From the rural forest to the urban forest: Bard to D.C.

From the rural forest to the urban forest: Bard to D.C.

A typical picture of a forest is one full of lush, green landscapes, never ending rows of trees, and wildlife only found in wooded areas.  Well, the forest I am working in this summer is full of people, buildings, and roadways.  Trees have existed in cities for centuries, and it has been a source of pride in many places.  Washington, D.C. is one example of a city that understands the importance of providing ample trees and overall green space for its residents.  My passion for trees has brought me to Casey Trees, an urban forestry non-profit in the nation’s capital.  My internship is in the Technical Services and Research (TS&R) department, headed by Dr. Jessica Sanders.  I was brought on to conduct field research along with three other students.


Casey Trees logo.
Casey Trees logo.

Casey Trees strives to protect and enhance Washington, D.C.’s tree canopy through education, advocacy, and research.  There are volunteer activities, tree-planting events, children’s day-camps, and an active citizen forestry community.  Casey Trees is comprised of several different departments, such as communication and development, planning and design, and education.  TS&R is the department that I am a part of, and I am assessing trees and gathering data.  A major project in this department is the Tree Report Card, which is a unique annual assessment of the city’s tree canopy.  My colleagues and I have been collecting tree data for a survival study in order to help comprise the “tree health” portion of the report.  The data collected will also help to inform other urban forestry organizations and advocates of current practices and operations.  Using an ArcGIS application, we travel by bicycle in teams of two to different areas of the city every day.


There are several components of this internship that I was initially intrigued by, with the cycling portion being one of them.  Who wouldn’t want to have one of their job requirements be to own a bike?  Having never lived in a bike-friendly area, I was excited to get to leave the car behind, lower my carbon footprint, and get in some exercise after an exceptionally long New York winter.  It has been great doing just that, although I did hit a few road bumps (pun very much intended).  It was just a friendly little reminder that everyone should look out for cars and other unexpected obstacles.  In addition to that, the scientific aspect of the internship was a significant point of interest.  Bard Center for Environmental Policy (CEP) is meant to prepare me to enter a science and research based job, and I was ready to put that to the test.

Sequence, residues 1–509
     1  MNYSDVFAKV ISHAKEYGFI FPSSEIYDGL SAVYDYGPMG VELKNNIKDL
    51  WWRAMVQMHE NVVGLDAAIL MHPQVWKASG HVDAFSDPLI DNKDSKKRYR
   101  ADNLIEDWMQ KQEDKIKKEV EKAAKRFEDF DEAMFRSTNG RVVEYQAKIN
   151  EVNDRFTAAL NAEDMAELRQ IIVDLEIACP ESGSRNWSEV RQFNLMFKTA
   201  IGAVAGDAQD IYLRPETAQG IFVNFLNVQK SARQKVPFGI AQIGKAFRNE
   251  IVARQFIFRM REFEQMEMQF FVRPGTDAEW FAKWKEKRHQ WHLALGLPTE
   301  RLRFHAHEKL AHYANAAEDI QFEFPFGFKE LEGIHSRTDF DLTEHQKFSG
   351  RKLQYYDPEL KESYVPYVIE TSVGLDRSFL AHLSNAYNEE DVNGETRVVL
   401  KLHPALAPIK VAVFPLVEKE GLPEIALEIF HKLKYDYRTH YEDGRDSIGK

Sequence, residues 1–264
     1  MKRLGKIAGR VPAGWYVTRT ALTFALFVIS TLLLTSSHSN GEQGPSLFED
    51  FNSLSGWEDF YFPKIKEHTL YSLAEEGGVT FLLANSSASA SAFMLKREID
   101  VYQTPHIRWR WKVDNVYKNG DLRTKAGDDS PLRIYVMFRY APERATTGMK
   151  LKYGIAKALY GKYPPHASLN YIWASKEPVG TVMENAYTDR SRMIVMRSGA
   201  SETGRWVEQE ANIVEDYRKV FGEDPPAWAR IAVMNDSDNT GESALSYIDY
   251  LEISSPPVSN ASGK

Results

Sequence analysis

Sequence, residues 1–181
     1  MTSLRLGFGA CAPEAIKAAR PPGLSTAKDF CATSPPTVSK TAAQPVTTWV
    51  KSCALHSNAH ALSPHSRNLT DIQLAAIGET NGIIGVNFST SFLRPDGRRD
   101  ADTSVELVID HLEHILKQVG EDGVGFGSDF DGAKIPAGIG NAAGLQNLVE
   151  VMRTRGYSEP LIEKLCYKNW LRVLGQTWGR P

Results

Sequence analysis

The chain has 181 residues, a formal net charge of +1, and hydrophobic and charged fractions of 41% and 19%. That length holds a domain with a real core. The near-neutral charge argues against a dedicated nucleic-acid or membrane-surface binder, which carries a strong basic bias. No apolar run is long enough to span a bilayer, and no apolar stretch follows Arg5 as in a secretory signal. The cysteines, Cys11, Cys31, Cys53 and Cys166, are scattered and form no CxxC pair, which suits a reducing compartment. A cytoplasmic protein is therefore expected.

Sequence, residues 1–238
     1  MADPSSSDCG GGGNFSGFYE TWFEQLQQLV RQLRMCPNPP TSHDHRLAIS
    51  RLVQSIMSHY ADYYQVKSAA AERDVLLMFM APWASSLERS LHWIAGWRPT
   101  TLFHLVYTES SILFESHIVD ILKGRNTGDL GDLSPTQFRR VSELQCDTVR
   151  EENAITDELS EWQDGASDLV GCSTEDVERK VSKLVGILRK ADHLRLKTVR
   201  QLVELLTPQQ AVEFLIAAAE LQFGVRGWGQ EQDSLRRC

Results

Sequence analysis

The Study


Tree survival data is essential in understanding what happens to the thousands of trees that are planted in various locations, such as private yards, schools, streets, and parks.  In order to quantify the growth in canopy coverage or addition of tree benefits, we must first know how many of the trees planted are surviving.  Casey Trees has different programs to get trees in the ground, one of which is a Tree Rebate program.  A homeowner can send in a receipt for a tree they purchased to receive a rebate.  This means that we do not actually see the tree go in the ground, so follow-up work is that much more important to understand how the tree is doing.


The survival study that I am a part of this summer analyzes a 51% sample of all Casey Trees trees that were planted between 2003 and 2011, which is approximately 4,600 trees.  We are analyzing several different factors, all of which encompass health, growth, and planting site.  Selecting one data point on the ArcGIS Collector application brings up one specific tree along with its particular tree number.  The species type is listed, which helped us identify a tree if it were in a large plot with several others of different species around it.


Photo by Timothy Hoagland, Digital Media Associate, Casey Trees
Utilizing the ArcGIS Collector App to enter tree data.  Photo by Timothy Hoagland, Digital Media Associate, Casey Trees.


The aspects that we analyze and edit are:

  • Diameter breast height (DBH) (in)
  • Tree height (ft)
  • Crown width, north-south and east-west (in)
  • Tree structure (ranked lowest to highest 1-5)
  • Root flare zone (ranked 1-5)
  • Crown condition (ranked 1-5)
  • Space type (front yard, back yard, side yard, planting strip, tree box, road median, maintained land, natural area)
  • Missing (%)
  • Impervious area (%)
  • Overall health (good, poor, dead, missing)


DBH, height, and crown width help us determine growth rate, while structure, foot flare, and crown condition help us determine the overall health.  We also keep track of “missing” trees, which include trees that are either removed due to construction or development, or trees that were removed by homeowners.


Moving forward from the field

Tree study tools. Photo by Timothy Hoagland, Digital Media Associate, Casey Trees.
Tree study tools. Photo by Timothy Hoagland, Digital Media Associate, Casey Trees.

Over the course of the first month of the field study, my team and I gathered valuable knowledge about species identification, tree disease, optimal habitats, and how to stay cool in the sweltering D.C. heat.  Coming here from such an academically challenging first year at Bard CEP has certainly been a change of pace, but the learning process has not halted at all.  It has been invaluable to be a part of the environmental non-profit field.  Once the field study concludes, I will be staying on with Casey Trees to analyze the data gathered and work alongside the Technical Services & Research department to assist them further.  Every year we can come to a better understanding of how the work Casey Trees is doing affects the tree canopy of Washington, D.C.

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